Saturday, September 10, 2011

The New 52 Review: DETECTIVE COMICS #1


WRITER: Tony Salvador Daniel
PENCILS: Tony Salvador Daniel
INKS: Ryan Winn
COLORIST: Tomeu Morey
LETTERS: Jared K. Fletcher
COVER: Tony Salvador Daniel
32pp, Color, $2.99

Detective Comics #1 debuted with a March 1937 cover date, and the series is best known for Detective Comics #27 (May 1939), which featured the debut of Batman (then billed as “The Bat-Man”). DC Comics is currently re-launching their superhero comic book line, so we have a brand new Detective Comics #1.

I’ll go back into the past again – the recent past. American comic book writer and artist Tony Daniel entered mainstream comic book publishing in the mid-1990s drawing X-Force for Marvel Comics. He eventually became one of the many young creators who jumped to Image Comics in the mid to late 90s to produce their own creator-owned comic book series. I read Daniel’s The Tenth for a few years, but I eventually quit the title. Daniel obviously had the talent to create comic books, but The Tenth often showed the signs of being produced by a young, relatively inexperienced, and creatively immature writer/artist – both in terms of storytelling and art.

Daniel’s career moved forward when he began drawing the Geoff Johns-written Teen Titans, but Daniel’s professional status surged when he became the artist on Grant Morrison’s Batman. He drew the highly-popular Batman R.I.P. storyline and wrote and drew Batman: Battle for the Cowl, the primary miniseries that dealt with the aftermath of Batman R.I.P.

Now, Tony Daniel is the writer and pencil artist on the new Detective Comics #1. I can honestly say that I have not felt this excited and thrilled after reading a Batman comic book since I read Book One of Batman: The Dark Knight Returns all those years ago.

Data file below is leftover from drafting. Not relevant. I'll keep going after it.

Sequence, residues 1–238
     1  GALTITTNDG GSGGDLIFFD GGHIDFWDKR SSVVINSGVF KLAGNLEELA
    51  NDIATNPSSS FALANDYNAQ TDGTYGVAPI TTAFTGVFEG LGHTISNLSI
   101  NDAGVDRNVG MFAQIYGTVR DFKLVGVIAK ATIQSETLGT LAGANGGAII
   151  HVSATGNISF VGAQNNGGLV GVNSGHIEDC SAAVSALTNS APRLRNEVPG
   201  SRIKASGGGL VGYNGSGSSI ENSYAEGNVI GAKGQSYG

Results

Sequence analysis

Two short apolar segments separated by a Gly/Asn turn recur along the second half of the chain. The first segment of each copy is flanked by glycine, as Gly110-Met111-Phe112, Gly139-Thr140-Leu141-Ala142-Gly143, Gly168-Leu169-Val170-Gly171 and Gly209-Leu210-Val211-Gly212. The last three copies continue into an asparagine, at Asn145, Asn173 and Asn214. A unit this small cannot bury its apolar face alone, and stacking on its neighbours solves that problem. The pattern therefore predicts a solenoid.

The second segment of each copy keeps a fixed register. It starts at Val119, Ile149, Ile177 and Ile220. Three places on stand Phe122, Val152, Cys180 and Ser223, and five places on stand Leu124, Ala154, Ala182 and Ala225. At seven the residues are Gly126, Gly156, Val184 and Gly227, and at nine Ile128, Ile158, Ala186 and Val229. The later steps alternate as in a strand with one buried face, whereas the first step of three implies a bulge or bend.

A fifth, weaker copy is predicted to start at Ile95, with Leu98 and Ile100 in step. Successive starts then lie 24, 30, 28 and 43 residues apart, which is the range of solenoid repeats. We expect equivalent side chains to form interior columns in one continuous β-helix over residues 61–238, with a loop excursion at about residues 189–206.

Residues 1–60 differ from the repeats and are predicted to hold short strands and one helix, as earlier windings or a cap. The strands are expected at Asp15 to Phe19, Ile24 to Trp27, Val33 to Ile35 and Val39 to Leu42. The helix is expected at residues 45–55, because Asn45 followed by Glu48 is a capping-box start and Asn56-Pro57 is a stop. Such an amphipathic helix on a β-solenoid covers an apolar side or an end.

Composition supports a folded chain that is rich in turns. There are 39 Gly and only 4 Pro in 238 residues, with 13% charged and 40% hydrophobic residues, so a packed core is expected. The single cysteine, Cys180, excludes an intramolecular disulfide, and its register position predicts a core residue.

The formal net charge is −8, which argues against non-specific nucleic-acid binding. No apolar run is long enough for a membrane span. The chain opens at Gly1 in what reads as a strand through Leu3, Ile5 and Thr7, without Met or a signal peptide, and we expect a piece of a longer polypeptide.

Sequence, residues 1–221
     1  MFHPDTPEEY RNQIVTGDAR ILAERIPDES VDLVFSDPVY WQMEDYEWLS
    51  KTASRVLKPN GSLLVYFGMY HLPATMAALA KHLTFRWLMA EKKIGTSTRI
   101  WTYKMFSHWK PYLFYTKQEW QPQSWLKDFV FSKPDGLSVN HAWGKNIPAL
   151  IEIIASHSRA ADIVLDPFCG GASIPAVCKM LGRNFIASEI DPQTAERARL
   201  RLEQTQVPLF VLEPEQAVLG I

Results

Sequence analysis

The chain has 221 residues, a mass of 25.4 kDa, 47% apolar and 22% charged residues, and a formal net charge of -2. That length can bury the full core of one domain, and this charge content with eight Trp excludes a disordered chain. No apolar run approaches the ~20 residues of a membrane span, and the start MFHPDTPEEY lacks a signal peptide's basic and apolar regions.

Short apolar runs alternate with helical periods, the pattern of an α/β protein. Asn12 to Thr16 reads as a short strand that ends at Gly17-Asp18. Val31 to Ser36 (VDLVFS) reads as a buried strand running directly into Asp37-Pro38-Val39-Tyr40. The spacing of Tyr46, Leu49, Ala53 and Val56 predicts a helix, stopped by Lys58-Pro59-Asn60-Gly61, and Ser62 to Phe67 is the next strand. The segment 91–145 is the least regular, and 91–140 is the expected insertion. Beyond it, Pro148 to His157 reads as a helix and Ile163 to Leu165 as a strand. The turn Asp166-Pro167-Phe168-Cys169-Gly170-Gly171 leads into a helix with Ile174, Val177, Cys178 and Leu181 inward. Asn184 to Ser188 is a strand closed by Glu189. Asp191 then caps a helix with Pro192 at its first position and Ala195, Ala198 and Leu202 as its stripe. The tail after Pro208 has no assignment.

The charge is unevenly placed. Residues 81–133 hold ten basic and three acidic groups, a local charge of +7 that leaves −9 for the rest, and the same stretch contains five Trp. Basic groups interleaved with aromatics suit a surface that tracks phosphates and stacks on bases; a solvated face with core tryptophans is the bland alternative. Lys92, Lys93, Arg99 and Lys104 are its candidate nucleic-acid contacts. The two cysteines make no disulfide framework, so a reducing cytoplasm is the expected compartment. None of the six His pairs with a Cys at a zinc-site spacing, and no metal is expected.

Grant Morrison’s Batman has nothing on Daniel’s Detective Comics #1

The plot is straightforward. Batman is hunting The Joker, one of the most violent and brutal interpretations of the character, one who has over 100 murders to his credit over a six year period. However, someone other than the Batman seems to be hunting the Joker, and despite Commissioner Gordon best efforts, Mayor Hady is encouraging the Gotham City Police Department to kill Batman.

Daniel does not copy The Dark Night Returns, but like Frank Miller’s seminal Batman graphic novel, Detective Comics #1 is a lean and clean interpretation of Batman and his world. Daniel composes a story that moves briskly, with sequences of violence that are both blunt and smooth, and all the action set pieces are composed with polish that belies the experience of this creator. As for the art, pieces of it resemble The Dark Night Returns – some compositions, quite a bit of the page design, and some stylistic flourishes. But I must emphasize that this is Daniel’s own thing – his Batman comic book.

Of course, this is just the first issue. Can Daniel maintain this high level for a sustained run on the series? If he can, this Detective Comics will leap over many Bat-comics and be the best ongoing Batman of the new century.


August 31st


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